Jacksonian


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Jack·so·ni·an

 (jăk-sō′nē-ən)
adj.
Of or relating to Andrew Jackson, his concepts of popular government, or his presidency.

Jack·so′ni·an n.
Jack·so′ni·an·ism n.

Jacksonian

(dʒækˈsəʊnɪən)
adj
(Historical Terms) of or relating to a person surnamed Jackson, esp Andrew Jackson

Jack•so•ni•an

(dʒækˈsoʊ ni ən)

adj.
1. of or pertaining to Andrew Jackson or his ideas, political principles, etc.
n.
2. a follower of Andrew Jackson or his ideas.
[1815–25, Amer.]
ThesaurusAntonymsRelated WordsSynonymsLegend:
Noun1.Jacksonian - a follower of Andrew Jackson or his ideas
follower - a person who accepts the leadership of another
Adj.1.Jacksonian - of or pertaining to Andrew Jackson or his presidency or his concepts of popular democracy
References in periodicals archive ?
Van Deusen in The Jacksonian Era, 1828-1848, "to expand the area of freedom and to enrich it, whether by the development of domestic resources, by continental conquest, or by the extension of American influence and American ideals to more distant quarters of the globe.
It was an assertion of a Jacksonian and old republican culture representing a folk tradition of honour.
Here we see the superbly energetic and creative side of the Cuban character, bound together by the tragedy of losing their homeland, but free to achieve in the country that still applauds Jacksonian Democracy.
But even Catron, the only one of the six judges whose Jacksonian Democratic opposition to Nullification kept him loyal to the Union in the Civil War, embraced the basic faith that what made the South not only special, but culturally superior, was the humane relationship most Southern masters believed they shared with their slaves.
19] Ahab, however, in his refusal to acknowledge any authority, acts out a national agenda of freedom, guaranteed by the Declaration of Independence and re-inscribed by nineteenth-century Emersonian concepts and Jacksonian models.
Nonetheless the mixture of success, toleration, and paucity of eligible partners contributed to the assimilation or ending of the line in future generations escalating in the Jacksonian era.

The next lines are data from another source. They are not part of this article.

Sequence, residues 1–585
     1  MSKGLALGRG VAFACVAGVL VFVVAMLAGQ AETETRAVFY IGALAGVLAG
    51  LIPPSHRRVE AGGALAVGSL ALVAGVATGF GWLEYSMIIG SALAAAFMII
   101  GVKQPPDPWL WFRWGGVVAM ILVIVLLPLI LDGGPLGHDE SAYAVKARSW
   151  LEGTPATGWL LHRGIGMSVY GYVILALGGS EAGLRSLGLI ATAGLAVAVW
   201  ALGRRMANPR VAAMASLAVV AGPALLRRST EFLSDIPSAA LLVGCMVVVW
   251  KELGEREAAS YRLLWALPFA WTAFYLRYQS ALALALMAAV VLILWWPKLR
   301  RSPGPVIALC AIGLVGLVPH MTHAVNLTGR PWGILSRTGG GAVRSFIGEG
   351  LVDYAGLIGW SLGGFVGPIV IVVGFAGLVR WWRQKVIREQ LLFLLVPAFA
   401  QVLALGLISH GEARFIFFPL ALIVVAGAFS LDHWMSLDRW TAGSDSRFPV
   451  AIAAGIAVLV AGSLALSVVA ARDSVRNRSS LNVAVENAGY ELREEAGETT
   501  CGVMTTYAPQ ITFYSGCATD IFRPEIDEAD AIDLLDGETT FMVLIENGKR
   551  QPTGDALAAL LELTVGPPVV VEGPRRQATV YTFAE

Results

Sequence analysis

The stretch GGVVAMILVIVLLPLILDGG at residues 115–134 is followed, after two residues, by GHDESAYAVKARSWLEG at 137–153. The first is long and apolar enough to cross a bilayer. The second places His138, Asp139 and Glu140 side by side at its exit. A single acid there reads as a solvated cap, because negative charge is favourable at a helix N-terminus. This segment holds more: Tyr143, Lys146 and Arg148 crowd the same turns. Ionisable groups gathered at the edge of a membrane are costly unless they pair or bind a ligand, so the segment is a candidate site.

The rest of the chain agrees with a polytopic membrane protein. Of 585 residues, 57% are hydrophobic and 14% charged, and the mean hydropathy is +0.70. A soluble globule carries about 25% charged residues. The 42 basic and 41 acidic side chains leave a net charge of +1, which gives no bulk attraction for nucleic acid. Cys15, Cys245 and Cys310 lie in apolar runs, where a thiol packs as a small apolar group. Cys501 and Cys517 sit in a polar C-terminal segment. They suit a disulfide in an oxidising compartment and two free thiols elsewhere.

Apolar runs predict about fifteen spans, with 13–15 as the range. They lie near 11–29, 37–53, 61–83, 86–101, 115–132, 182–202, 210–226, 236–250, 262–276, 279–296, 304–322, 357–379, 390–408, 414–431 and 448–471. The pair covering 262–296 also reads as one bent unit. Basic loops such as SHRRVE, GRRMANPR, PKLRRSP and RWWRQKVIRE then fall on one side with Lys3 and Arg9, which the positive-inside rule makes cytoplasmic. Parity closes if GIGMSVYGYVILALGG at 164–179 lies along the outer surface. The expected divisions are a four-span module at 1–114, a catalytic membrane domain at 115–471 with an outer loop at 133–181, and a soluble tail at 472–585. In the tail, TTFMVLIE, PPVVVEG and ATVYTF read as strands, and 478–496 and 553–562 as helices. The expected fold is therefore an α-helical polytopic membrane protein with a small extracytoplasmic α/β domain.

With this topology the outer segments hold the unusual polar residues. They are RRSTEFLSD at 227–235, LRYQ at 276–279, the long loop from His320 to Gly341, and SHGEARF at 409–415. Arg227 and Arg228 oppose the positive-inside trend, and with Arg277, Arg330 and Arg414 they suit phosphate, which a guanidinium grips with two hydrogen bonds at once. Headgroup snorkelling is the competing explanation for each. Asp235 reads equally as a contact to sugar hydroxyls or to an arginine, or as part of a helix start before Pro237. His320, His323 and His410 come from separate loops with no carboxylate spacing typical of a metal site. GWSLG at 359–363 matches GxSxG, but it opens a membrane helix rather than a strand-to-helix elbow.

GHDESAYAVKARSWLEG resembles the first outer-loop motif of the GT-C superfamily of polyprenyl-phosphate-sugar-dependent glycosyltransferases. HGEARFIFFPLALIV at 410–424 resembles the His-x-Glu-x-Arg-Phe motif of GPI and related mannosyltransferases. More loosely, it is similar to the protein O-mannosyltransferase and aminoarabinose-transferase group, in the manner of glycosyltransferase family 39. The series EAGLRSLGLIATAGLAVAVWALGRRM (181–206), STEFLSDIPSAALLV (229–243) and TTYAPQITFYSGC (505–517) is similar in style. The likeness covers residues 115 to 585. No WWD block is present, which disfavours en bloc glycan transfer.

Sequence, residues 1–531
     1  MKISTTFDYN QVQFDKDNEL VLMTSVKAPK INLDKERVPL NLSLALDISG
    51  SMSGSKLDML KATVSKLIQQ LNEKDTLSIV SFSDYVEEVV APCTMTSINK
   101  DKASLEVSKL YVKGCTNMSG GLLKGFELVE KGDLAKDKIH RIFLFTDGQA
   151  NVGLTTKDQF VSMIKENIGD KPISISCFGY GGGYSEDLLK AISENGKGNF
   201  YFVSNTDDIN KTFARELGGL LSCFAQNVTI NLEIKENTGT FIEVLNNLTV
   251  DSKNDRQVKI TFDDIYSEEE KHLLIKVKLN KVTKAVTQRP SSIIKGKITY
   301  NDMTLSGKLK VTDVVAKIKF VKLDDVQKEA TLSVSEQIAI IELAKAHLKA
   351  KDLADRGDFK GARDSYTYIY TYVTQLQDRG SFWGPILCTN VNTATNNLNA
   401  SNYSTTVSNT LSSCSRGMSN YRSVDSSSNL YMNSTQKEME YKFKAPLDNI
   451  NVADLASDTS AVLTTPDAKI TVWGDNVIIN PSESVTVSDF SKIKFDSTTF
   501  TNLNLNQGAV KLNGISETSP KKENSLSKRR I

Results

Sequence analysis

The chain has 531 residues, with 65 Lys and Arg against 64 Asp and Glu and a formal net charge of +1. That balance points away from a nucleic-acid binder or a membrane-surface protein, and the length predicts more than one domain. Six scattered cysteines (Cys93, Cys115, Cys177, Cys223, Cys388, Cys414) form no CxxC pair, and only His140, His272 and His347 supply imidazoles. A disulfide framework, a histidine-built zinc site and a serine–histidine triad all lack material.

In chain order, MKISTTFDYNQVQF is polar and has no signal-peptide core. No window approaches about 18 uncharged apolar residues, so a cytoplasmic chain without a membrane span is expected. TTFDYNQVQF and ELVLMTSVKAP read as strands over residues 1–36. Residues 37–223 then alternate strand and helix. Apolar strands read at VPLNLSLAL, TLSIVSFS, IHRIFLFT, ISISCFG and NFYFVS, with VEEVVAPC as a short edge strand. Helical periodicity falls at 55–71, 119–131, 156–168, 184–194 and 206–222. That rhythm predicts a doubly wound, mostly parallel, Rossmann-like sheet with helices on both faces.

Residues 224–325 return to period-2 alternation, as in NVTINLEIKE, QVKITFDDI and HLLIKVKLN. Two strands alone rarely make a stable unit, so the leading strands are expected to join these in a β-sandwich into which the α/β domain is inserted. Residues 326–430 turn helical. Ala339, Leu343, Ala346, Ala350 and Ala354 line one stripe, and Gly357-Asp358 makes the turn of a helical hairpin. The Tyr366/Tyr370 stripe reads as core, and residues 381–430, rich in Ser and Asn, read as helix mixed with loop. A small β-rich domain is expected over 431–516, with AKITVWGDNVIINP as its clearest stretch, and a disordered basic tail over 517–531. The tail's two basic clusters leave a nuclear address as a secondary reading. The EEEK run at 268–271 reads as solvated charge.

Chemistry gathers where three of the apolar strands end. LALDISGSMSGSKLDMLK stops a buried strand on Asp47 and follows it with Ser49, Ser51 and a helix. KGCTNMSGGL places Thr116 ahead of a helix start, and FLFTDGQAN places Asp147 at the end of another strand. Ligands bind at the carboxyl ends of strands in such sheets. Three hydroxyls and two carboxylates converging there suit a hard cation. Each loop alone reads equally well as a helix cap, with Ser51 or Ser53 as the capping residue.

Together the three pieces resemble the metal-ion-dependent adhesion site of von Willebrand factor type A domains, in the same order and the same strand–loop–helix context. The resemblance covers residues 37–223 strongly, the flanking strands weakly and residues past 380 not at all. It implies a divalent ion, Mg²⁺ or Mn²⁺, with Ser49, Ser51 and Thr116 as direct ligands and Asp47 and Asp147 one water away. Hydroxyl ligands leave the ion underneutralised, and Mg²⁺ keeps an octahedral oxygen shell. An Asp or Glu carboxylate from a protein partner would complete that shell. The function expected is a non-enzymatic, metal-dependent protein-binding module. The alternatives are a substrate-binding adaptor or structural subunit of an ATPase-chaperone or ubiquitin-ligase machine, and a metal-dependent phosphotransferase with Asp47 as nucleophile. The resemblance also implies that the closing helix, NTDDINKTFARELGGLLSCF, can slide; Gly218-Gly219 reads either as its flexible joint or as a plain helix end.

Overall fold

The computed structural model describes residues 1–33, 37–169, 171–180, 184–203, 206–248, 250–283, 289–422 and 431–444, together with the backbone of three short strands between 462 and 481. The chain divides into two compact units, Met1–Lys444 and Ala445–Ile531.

The Jacksonian era comes in for extended discussion, particularly the political debate between Democrats and Whigs which stimulated and then was shaped by lively disagreements about what should be the attitude of national government to productive and unproductive classes -- and whether these distinctions were in fact naturally occurring.
Ignatiev examines the role that whiteness played in the political assimilation of Irish immigrants in the context of nativist and xenophobic upsurges and the militantly pro-slavery coalition that dominated the Democratic Party in the Jacksonian Era.
This trope of empty space belongs to the nineteenth century and particularly to the Jacksonian period when westward exploration and expansion was in its most heady phase and the American literary Renaissance was beginning.
Their vehicle, the Free Soil Party, ran the former Jacksonian Martin Van Buren of New York for president against the candidates of the national Democratic and Whig Parties on a platform that barred the extension of slavery to the territorial spoils of a recent war with Mexico.
equality; civil-military relations in the Jacksonian era, 1815-1845.
Palin sounded very much like a Jacksonian in her interview with ABC's Charlie Gibson, in which she denounced Russia for what she perceived to be unwarranted aggression against Georgia and repeated three times "we cannot second guess Israel.